As such, it is considered best practice to create a comprehensive issues list, but this process is painful and time-consuming. It requires ongoing management of the list and collaboration with multiple parties (often via email), to keep things on track and steer the deal towards a conclusion.
Creating, managing, and monitoring a contract negotiation issues list is a cumbersome process, therefore it is usually reserved for only the biggest, most important contracts. But this best practice approach could be applied to all deals, if lawyers had a simple method to create and manage a contract issues list every time.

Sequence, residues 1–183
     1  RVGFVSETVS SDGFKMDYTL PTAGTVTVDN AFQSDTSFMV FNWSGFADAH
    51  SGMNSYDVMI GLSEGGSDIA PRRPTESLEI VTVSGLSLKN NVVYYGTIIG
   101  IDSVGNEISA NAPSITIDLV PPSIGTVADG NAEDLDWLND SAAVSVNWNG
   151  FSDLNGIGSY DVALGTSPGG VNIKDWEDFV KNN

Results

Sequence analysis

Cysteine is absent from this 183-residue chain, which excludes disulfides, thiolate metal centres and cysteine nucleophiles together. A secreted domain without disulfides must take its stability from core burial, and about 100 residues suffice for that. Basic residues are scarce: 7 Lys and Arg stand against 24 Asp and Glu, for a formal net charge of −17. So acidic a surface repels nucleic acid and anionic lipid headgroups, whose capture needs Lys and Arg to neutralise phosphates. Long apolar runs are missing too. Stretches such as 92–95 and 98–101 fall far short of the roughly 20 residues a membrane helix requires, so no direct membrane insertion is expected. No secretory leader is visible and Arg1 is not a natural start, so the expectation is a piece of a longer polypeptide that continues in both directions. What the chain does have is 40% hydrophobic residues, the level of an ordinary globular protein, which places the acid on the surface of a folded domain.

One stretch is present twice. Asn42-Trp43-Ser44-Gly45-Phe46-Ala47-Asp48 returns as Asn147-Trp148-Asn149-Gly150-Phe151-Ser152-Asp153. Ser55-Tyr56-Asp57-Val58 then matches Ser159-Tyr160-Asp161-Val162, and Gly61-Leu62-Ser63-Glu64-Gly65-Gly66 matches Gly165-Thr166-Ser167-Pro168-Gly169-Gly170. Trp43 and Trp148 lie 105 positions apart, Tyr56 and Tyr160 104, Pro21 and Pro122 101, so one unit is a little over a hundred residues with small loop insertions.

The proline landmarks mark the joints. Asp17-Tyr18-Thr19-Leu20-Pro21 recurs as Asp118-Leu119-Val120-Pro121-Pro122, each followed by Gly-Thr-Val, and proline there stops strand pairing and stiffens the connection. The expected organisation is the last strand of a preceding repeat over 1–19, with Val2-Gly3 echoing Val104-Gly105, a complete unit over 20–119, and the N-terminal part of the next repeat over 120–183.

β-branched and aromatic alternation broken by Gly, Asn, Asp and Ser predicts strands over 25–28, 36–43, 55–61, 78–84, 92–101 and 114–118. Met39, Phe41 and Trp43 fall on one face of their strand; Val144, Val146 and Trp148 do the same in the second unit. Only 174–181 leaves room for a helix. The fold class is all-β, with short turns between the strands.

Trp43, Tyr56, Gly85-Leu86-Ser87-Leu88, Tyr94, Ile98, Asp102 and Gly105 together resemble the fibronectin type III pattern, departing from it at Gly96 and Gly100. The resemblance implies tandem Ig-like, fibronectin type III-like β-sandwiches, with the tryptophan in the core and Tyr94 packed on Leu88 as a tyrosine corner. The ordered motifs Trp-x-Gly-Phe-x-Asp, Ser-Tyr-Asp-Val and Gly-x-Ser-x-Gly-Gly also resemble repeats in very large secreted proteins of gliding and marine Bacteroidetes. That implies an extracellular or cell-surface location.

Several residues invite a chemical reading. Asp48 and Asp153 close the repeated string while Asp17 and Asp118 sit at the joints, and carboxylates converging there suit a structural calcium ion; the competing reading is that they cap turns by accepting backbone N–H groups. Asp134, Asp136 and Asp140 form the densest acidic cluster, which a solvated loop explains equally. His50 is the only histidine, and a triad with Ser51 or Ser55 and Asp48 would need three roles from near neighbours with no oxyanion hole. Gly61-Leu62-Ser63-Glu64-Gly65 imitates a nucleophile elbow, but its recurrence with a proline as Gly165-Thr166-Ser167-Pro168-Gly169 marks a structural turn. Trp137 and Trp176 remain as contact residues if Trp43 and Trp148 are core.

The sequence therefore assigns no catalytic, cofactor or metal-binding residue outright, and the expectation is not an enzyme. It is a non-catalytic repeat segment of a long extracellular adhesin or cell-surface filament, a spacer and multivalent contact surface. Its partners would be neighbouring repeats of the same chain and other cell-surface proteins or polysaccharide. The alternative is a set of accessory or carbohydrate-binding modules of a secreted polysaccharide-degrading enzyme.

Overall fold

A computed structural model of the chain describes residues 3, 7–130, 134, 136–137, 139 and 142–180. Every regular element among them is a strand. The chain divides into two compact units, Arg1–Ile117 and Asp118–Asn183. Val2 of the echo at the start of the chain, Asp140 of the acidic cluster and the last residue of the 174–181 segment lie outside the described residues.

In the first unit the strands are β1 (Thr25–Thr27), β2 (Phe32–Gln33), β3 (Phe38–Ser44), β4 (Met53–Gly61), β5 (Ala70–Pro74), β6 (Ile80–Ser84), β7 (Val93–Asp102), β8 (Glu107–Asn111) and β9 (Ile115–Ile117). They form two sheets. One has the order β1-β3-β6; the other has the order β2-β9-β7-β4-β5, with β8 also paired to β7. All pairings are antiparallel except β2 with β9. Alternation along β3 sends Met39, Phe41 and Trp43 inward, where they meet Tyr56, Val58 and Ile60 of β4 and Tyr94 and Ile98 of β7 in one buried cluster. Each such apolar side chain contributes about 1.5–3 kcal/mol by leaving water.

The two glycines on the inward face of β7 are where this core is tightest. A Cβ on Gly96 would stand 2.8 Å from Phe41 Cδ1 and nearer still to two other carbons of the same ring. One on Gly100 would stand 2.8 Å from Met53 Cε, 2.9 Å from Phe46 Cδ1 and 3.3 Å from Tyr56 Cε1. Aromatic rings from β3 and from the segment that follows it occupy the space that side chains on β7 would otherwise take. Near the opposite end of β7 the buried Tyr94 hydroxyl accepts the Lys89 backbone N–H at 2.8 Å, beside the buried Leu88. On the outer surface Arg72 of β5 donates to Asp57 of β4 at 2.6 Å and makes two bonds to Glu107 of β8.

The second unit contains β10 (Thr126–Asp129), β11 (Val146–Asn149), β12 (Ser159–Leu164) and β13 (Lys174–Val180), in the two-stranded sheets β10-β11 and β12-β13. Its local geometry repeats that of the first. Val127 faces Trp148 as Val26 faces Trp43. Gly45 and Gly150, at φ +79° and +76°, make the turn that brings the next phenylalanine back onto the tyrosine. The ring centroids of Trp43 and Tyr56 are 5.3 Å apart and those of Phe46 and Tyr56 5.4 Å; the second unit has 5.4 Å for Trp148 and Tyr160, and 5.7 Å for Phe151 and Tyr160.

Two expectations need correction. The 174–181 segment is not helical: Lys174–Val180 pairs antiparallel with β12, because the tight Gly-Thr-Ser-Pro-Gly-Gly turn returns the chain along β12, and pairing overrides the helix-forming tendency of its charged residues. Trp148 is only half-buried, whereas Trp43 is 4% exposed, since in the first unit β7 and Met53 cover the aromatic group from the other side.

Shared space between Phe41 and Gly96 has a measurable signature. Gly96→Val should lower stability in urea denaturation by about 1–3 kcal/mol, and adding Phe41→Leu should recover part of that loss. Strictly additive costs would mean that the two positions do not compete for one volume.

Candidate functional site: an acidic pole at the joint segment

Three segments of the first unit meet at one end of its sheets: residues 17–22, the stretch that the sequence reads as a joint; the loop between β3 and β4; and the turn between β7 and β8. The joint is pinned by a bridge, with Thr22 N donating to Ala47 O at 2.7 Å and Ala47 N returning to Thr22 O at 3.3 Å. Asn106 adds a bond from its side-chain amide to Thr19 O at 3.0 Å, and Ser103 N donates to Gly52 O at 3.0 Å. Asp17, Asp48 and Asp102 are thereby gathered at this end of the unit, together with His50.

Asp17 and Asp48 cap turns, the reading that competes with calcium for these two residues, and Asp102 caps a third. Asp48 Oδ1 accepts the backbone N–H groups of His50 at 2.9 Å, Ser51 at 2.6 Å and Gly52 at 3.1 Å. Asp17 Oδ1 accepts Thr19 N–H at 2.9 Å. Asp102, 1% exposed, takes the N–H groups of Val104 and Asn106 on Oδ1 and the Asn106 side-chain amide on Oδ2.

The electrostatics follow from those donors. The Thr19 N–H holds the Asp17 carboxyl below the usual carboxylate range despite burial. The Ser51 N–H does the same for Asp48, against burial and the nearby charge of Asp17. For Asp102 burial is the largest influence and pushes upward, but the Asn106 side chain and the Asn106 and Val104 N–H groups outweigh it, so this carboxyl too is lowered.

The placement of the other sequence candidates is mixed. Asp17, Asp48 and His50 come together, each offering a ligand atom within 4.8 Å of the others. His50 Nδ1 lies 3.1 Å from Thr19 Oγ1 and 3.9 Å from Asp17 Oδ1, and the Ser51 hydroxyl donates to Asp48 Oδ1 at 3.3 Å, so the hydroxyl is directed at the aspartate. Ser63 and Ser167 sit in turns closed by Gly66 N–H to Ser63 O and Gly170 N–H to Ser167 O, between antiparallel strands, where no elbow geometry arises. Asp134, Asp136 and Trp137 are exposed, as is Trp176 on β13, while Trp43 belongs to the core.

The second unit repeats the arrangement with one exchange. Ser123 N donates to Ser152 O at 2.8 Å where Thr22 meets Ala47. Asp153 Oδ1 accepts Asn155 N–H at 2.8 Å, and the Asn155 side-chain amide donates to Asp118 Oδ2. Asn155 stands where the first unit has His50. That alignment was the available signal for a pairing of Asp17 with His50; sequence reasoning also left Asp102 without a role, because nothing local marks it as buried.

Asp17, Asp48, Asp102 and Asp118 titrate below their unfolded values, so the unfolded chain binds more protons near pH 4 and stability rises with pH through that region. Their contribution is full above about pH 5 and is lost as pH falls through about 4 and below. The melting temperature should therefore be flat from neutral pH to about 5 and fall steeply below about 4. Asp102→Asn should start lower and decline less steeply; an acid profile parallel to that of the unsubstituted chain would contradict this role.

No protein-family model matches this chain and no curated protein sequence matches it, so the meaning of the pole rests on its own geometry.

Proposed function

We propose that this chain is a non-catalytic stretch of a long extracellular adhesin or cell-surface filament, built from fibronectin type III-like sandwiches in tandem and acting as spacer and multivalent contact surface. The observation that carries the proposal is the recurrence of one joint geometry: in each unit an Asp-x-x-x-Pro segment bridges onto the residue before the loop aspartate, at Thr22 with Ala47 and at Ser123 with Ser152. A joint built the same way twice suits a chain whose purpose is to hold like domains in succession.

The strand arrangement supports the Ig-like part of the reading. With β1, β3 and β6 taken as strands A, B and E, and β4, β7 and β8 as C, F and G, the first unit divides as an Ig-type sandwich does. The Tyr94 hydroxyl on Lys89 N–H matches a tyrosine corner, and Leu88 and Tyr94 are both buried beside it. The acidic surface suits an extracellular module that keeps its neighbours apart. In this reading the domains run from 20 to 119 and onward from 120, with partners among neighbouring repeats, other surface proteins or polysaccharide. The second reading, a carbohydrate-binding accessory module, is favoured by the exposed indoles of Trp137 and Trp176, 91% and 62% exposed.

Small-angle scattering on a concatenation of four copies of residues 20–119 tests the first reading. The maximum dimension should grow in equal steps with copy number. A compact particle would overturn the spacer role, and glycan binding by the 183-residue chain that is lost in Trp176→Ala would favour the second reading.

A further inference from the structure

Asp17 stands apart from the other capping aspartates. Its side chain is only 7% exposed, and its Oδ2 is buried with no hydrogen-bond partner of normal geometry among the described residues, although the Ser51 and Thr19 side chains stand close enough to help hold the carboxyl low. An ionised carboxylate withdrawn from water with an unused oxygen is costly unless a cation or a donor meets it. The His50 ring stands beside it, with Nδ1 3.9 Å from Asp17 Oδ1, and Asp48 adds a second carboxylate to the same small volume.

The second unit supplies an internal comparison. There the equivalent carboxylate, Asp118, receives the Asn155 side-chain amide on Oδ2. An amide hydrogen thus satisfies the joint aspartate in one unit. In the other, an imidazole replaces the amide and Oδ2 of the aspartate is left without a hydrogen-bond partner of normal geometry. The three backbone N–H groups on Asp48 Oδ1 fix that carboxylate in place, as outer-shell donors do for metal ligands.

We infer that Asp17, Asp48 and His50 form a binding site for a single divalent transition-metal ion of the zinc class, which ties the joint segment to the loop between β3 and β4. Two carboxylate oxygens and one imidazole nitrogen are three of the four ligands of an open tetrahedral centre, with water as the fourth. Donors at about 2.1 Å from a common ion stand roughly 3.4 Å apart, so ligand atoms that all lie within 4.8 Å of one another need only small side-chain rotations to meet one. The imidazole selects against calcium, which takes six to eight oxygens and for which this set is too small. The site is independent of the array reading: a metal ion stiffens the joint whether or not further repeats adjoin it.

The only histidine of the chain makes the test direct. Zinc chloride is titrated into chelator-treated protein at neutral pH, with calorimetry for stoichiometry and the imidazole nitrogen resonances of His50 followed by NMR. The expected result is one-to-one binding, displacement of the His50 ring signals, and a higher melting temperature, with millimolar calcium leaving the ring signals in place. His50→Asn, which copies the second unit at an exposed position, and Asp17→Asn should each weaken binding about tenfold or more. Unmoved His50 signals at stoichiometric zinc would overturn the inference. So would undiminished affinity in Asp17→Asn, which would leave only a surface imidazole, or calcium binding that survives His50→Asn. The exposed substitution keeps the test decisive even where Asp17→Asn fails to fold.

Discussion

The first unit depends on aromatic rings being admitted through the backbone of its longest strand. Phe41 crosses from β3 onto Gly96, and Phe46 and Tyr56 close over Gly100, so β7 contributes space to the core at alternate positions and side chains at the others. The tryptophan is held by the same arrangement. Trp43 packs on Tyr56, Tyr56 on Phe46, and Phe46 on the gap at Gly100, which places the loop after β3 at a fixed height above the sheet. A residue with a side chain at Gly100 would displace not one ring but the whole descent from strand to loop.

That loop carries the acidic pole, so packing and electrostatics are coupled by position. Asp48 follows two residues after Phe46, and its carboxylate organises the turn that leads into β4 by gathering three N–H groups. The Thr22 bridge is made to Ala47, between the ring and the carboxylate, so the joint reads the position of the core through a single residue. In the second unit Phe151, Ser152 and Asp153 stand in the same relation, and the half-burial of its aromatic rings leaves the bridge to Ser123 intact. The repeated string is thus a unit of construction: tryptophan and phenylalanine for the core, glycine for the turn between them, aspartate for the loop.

Why speed is of the essence
Momentum is crucial to getting deals over the line. The longer it takes to review, negotiate, and agree a contract, the greater the likelihood that circumstances, priorities, or personnel might change, blowing the deal off course, or sinking it completely.
Manual legal review slows deals down to a crawl. What’s more, any financial benefit negotiated can be effectively reduced by the endless review cycles—adversely impacting the bottom line. In fact, some estimates suggest that substandard contracting processes end up costing companies anywhere from 5-40% of the value from any given deal.
What lawyers should really focus on
Lawyers should be empowered to make the most of their valuable expertise by providing strategic guidance on the advanced legal aspects of contract negotiation. But manual contract review has even the most skilful and experienced lawyers trapped poring over the minute details of contract wording.